Change is the theme in Major League Baseball

Reporting from Milwaukee — Houston will be pushed from the National League Central to the American League West in 2013, a move Major League Baseball announced Thursday in conjunction with its unanimous approval of Jim Crane as the Astros’ new owner.

Also coming soon, perhaps as early as next season, is a second wild-card team to each league, meaning 10 of 30 teams would make the playoffs.

Commissioner Bud Selig, acting on the advice of a special committee for on-field matters, said the two wild-card teams from each league probably will play a one-game playoff to advance to the postseason with the three division winners.

“We haven’t made final decisions, but that’s what everyone [on the committee] wants,” Selig said after Thursday’s owners meeting. “And it will be dramatic.


“You play [162 games] all year and it could come down to one game. Some say it should be a two-out-of-three series, but now we’re putting a big weight on winning the division.”

Angels Manager Mike Scioscia, a member of Selig’s special committee, lobbied heavily for a system that rewarded division champions. He was not opposed to the wild card — his 2002 World Series-winning team was a wild-card entrant — but he thinks it should be tougher for a wild-card team to advance.

“That wild-card playoff game will be more exciting than any other game other than the World Series,” Angels pitcher Dan Haren said in an email. “But to play 162 games over a six-month span and have your fate decided by one game … that seems a bit rough.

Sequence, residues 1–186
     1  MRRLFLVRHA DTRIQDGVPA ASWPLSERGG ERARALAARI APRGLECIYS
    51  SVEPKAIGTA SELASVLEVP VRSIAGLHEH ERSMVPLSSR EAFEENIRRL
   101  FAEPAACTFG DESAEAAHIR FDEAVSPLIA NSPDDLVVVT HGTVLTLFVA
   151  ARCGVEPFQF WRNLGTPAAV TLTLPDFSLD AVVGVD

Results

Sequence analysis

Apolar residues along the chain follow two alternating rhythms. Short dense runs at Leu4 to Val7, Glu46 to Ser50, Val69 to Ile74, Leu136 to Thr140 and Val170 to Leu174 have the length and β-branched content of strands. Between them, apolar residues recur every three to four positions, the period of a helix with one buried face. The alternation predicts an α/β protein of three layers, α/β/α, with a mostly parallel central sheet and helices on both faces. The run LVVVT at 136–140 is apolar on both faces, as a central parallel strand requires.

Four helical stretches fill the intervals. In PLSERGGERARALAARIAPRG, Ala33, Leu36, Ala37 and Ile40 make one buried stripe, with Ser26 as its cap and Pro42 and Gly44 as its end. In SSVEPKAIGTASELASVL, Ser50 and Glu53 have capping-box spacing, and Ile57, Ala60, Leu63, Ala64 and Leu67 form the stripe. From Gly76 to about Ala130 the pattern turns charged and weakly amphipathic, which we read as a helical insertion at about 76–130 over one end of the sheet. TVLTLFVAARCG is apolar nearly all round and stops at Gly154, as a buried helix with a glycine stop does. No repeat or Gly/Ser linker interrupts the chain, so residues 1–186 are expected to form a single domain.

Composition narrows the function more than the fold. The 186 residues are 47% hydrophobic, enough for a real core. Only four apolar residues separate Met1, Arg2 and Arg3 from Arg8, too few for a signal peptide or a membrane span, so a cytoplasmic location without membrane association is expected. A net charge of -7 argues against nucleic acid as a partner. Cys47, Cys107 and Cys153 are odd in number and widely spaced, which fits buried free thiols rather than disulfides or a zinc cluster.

“I’ve always thought the division series was too short as a five-game series, but hey, you better win your division now.”

Baseball’s first realignment since the Milwaukee Brewers switched from the AL to the NL in 1998 will create two 15-team leagues with three five-team divisions.

It will result in a more balanced schedule in which teams probably will play 72 games in their division, 60 games against teams in the other two divisions in their league and 30 interleague games.

It will also necessitate the playing of interleague games throughout the season.

“No schedule is ever perfect,” Selig said, “but this will be very good.”


Houston’s move will expand an intrastate rivalry with the Texas Rangers, but with three AL West teams on the West Coast, including Seattle in the Pacific Northwest, the Astros will probably triple their travel miles within their division.

“I was in the air freight business and always flew a lot,” Crane said, “so we’ll be flying a lot.”

Crane, whose $680-million purchase of the team from Drayton McLane was reduced by $70 million in exchange for agreeing to move to the AL West, made previous attempts to buy the Astros, Rangers and Chicago Cubs.

“This feels very good,” said Crane, a Houston businessman. “I’ve been trying for a long time [to buy a team]. For those who don’t know me, I’m from Missouri, and we’re sort of stubborn. Stubborn like a mule.”


The theme of the day was change, but Selig said there has been no motion by owners to eliminate the designated hitter, which the AL began using in 1973. Pitchers have always hit in the NL.

“It would take something I would describe as a cataclysmic event for that to happen,” Selig said. “What could that be? Geographical realignment? I don’t see that. The game is fine as it is. I’ll say this. The [DH rule] doesn’t bother fans.”

Baseball also appears to be on the verge of a new five-year collective bargaining agreement that would ensure 21 consecutive years of labor peace, a monumental achievement for a sport whose World Series was canceled in 1994. The new pact could be finalized as early as Monday.

“I’m really confident,” Rob Manfred, MLB executive vice president, said of negotiations with the players’ union. “I’m hopeful we’ll push it across the finish line.”